Ney Tait Fraser: Ney’s very large, personal paintings of close-up wildflowers will cover the gallery’s walls. And this exhibit is also an opportunity to consider and discuss the nature of Art. Ney says, “In a world already smothered by objects, perhaps it is time to start making living, conceptual art that mends the web of life. Small creatures such as birds, butterflies and spiders could be given habitat with indigenous plants.” Over a period of several decades, Ney has improved Big Bay/Buckley Park by removing invasive plants, and she says, “This landscape is now a living, conceptual piece that sustains wildlife…. Loss of pollinators is one the most import issues of our time. Instead of making more interior decoration, Art [as native plant landscapes] could address this problem.” Because of the influence of local natural landscaping hero Lorrie Otto, Ney wrote and illustrated a book called Mending the Earth in Milwaukee which includes sixteen stories of extraordinary, pioneer gardeners who created mini Edens by replacing lawn and exotic plants with native plants. Ney’s book is for sale at Outpost Natural Foods to benefit Teens Growing Greens (also at Woodland Pattern, Schlitz Audubon Nature Center, Wehr Nature Center, Riveredge Nature Center), and you can have yours signed by the author.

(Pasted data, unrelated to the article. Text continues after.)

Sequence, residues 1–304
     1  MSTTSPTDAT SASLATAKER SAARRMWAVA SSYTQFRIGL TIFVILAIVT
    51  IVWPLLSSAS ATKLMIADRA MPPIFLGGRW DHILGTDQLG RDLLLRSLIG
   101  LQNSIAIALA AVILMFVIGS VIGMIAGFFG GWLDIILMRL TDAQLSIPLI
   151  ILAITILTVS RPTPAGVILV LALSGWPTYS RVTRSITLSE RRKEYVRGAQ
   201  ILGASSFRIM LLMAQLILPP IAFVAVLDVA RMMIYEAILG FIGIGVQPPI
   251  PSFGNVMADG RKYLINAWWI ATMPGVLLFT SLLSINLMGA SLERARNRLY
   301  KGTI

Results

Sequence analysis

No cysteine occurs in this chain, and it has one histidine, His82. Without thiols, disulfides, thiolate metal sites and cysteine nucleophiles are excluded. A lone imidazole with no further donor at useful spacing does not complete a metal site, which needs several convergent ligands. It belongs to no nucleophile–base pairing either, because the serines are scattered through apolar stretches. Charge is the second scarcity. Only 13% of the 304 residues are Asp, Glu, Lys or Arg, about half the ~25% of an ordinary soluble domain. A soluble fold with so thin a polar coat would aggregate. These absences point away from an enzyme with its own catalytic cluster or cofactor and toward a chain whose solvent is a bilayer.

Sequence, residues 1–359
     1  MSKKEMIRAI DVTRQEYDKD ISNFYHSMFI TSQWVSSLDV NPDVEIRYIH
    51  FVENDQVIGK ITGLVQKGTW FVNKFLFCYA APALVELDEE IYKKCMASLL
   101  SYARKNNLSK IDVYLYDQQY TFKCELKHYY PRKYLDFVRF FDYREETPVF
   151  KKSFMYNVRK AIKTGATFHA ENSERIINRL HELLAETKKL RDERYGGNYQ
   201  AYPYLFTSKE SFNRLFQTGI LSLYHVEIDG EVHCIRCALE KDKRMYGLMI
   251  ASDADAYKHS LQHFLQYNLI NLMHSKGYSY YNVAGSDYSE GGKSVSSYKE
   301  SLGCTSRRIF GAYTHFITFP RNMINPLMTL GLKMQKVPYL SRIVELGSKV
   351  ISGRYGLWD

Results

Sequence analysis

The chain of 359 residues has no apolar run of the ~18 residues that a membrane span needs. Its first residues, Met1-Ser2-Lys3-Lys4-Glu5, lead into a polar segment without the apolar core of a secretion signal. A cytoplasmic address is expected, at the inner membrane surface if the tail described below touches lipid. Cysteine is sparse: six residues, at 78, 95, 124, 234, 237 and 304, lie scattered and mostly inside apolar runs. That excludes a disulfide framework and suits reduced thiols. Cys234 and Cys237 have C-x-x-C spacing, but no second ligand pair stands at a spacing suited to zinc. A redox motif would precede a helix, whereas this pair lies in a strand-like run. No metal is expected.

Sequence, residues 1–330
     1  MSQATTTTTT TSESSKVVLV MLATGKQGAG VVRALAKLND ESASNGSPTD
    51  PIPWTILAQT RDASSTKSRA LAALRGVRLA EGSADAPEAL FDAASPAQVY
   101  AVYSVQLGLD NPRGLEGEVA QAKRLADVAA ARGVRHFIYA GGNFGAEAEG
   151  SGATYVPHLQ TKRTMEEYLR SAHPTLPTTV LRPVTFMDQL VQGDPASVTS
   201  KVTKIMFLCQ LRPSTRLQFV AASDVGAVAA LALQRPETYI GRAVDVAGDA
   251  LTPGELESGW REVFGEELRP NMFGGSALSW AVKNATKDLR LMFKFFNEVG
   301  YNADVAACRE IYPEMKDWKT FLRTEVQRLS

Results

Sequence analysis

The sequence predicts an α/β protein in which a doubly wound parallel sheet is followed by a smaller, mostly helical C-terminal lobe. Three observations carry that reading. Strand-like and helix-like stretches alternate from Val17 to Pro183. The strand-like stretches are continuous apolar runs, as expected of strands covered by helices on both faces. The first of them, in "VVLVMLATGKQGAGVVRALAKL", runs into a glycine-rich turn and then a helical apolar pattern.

Poet Terimarie Degree: Terimarie grew up with both parents serving in the US Navy. This afforded the opportunity to live everywhere from southern California to unique locales such as the Aleutian Islands of Alaska. Those experiences birthed an appreciation for nature. Her nature poetry is a combination of reflecting on the beauty found in the natural world and also the role people have to care for it. Her poems will be on display with Ney Tait Fraser’s work and will  kick off the opening reception with a poetry reading. Terimarie has a number of poems published online as well as work in four books: Permeable to the Year (2017), The Third Eye (2017), Where I Want to Live (2018) and Secret Words Volume 4 (2019). Her work was recently on display as part of the Swan Day MKE gallery show, “Water: Reflection, Ritual & Resource” at Urban Ecology Center, Menomonee Valley.